The manner in which he “boxed” in the late rounds earned him a fair amount of criticism from the elite Puerto Rican media that sat up close among press row. However, the young guys representing Puerto Rican boxing websites and the majority of the fans who packed Madison Square Garden were impressed with the fact that Cotto fought as best he could for nine rounds with a deep bleeding cut over his left eye. I was also impressed with the way Cotto handled the cut.

I talked to his cutman, Joe Chavez, the day after (we had the same flight back to L.A.) and he told me that the cut needed 28 stitches (seven on the inside and 21 on the outside).

I don’t think it’s fair to compare Cotto with Trinidad or Lopez. First of all, Danny “Little Red” Lopez was a mix of Ute Indian, Mexican and Irish. As far as I know, he didn’t have any Puerto Rican in him. Maybe you were thinking of Wilfredo Gomez. It doesn’t matter. The bottom line is that Gomez, Lopez and Trinidad all had one-punch KO power. Cotto doesn’t.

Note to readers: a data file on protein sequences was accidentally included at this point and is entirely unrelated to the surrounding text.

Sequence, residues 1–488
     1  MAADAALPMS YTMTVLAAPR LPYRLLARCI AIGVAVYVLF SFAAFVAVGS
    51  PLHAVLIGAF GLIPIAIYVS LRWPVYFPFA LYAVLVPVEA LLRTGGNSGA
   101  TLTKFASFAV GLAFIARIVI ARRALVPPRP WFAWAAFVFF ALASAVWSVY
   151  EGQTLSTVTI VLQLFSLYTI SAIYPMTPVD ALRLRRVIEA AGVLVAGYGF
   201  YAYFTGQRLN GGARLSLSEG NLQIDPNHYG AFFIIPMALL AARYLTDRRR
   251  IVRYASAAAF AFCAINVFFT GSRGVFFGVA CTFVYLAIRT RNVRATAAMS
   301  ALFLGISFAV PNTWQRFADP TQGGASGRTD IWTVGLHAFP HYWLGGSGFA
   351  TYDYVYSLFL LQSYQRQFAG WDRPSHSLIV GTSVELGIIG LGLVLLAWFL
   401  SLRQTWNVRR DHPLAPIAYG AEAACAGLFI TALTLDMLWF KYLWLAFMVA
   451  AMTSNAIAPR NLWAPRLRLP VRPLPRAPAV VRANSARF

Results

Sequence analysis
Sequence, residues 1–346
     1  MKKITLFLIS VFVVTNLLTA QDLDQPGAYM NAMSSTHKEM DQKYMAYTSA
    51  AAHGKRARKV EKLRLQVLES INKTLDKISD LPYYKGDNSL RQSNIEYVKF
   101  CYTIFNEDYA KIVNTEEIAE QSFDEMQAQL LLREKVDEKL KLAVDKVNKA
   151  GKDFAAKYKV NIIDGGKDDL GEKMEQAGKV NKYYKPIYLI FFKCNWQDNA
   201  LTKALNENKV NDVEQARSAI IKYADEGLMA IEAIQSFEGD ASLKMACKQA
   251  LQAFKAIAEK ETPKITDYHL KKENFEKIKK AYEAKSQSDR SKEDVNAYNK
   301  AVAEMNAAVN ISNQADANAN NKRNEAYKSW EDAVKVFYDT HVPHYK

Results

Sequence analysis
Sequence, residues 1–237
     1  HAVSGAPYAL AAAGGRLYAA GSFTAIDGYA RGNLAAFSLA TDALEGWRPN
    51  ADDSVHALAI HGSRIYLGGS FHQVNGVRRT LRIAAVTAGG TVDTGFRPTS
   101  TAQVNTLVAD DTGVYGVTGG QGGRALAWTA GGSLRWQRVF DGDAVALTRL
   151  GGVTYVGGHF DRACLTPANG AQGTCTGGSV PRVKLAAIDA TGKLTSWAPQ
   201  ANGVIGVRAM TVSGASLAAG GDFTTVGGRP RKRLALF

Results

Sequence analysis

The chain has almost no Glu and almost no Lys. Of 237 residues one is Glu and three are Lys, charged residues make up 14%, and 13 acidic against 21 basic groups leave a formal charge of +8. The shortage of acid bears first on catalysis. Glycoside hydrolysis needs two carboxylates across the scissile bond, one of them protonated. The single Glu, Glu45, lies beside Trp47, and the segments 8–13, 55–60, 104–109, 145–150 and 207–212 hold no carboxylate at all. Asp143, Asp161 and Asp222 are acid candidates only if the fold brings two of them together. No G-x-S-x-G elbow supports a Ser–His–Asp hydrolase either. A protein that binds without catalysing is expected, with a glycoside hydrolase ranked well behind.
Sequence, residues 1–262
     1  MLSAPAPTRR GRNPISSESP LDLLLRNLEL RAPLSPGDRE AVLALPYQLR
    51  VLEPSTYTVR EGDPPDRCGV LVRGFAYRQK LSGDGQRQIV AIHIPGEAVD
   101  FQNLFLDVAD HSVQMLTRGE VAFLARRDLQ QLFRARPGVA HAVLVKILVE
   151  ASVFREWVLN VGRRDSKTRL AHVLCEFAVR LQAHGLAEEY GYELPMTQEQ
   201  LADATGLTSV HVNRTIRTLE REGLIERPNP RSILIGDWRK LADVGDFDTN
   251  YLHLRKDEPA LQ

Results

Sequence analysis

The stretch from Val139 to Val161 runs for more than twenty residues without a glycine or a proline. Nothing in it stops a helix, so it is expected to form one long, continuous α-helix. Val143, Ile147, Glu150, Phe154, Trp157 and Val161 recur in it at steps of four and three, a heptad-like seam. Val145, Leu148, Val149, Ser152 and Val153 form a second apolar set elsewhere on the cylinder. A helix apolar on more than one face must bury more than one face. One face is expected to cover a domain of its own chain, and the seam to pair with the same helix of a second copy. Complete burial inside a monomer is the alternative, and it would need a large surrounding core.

Cotto is what he is: a squat (5-foot-6) boxer-puncher with heavy hands but short arms. I think he gets the most out of his ability. And I commend a fighter who can pack MSG against lesser fighters for fighting real threats like Joshua Clottey.


This sport makes it hard for people to love it.

One thing I always wonder: Cotto did not win the first round. He did, however, land the knockdown at the end. Wouldn’t that make it a 10-9 round for Cotto on the 10-point must (Clottey wins the round but Cotto scores the knockdown)? I guess you could make the argument Cotto won the round but I would argue that with you all day long.

That was hard to watch. Cotto had guts and I commend himÔǪwhat a fighter. But man, Clottey won that fight in every single category including the “Cotto was literally running away for rounds at a time.”

I don’t know what more Clottey could have done. That’s two fights in 18 months where Cotto has been outlanded in fewer punches and, on my card, beaten but two fighters and got the decision. I guess it wouldn’t be so hard to swallow if the deciding card was 116-111. That guy should be fired.

SoÔǪ.what was Dougie’s card?

Also: I guess I now can believe why Clottey was a 9 to 1 dog to get a decisionÔǪ just wasn’t possible. — Tony, LA